Pliny the Elder. Considered one of the finest bottled beers anywhere in the world. It's considered the original west coast imperial IPA and still the standard which others are judged. Some think it's overrated, but it's something that beer lovers would appreciate anywhere. I remember going to Southern California and suddenly seeing someone wearing a Pliny the Elder T-shirt, and I even pulled out the bottle I had waiting for an opportunity to drink it. Or drinking it on a train (where personal alcohol was allowed) and someone commenting on it. It's a hop bomb that's still extremely drinkable.


I would have to pack it carefully though. I still have an empty case and I'm pretty sure it would fit nicely in my carryon sized luggage, which I would of course need to check in. Then protect it with clothes and just hope that nothing breaks. Maybe gather as much padded shipping airbags as I could find, although I tend to throw them away.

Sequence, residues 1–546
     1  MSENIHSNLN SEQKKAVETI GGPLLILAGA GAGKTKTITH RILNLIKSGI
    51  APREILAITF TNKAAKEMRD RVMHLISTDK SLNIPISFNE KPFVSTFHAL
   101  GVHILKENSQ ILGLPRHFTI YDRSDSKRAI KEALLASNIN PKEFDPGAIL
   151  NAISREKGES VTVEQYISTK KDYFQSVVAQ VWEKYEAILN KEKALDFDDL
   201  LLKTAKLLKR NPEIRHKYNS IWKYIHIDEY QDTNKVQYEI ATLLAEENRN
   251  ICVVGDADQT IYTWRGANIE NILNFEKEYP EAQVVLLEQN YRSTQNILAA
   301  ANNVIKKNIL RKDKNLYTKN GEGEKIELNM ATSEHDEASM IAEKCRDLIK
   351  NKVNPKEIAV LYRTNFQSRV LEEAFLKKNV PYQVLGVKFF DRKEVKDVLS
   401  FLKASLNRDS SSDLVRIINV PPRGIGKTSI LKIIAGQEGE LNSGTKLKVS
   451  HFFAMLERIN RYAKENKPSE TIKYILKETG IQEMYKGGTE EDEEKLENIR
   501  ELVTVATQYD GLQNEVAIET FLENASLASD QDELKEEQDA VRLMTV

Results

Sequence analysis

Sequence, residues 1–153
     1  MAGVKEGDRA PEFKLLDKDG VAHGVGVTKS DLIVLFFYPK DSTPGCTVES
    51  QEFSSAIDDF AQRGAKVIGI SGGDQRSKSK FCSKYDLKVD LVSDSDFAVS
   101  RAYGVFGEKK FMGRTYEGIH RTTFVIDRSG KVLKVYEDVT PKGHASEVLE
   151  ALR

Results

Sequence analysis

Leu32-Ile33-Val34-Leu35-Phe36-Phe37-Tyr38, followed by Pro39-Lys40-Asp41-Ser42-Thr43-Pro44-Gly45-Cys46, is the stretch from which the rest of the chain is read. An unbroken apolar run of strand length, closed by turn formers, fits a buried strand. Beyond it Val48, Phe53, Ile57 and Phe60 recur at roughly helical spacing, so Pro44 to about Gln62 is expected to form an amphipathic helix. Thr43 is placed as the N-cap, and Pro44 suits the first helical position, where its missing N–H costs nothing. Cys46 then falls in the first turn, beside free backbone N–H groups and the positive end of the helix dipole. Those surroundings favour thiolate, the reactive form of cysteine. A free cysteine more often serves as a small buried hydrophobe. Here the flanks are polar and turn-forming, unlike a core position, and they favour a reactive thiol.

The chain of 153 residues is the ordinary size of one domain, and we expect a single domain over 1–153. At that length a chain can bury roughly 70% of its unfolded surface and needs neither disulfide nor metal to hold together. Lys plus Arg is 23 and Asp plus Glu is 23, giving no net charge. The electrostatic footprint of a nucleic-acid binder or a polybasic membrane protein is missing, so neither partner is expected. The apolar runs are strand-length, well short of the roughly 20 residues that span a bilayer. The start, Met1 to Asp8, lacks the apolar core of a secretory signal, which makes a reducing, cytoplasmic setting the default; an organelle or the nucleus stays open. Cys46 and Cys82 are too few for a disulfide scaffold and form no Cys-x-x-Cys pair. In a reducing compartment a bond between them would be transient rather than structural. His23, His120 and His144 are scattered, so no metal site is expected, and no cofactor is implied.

And someone mentioned CBSA. My experience were that they were extremely polite, although obviously asking questions looking to trip people up. But in a polite way. US CBP agents could vary, and some were really asking bizarre questions. Some were frankly rather rude. But I suppose I could buy a bottle of duty free alcohol at the airport on the way home, although I'm not sure how that works with preclearance. I figure it should be a lot cheaper than buying liquor at a LCBO store. Sounds a lot like Utah.
 
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When you order a pint of beer in Canada make sure you receive an Imperial pint and not a US pint. Check the glass size and if they try and rip you off with a US pint send it back!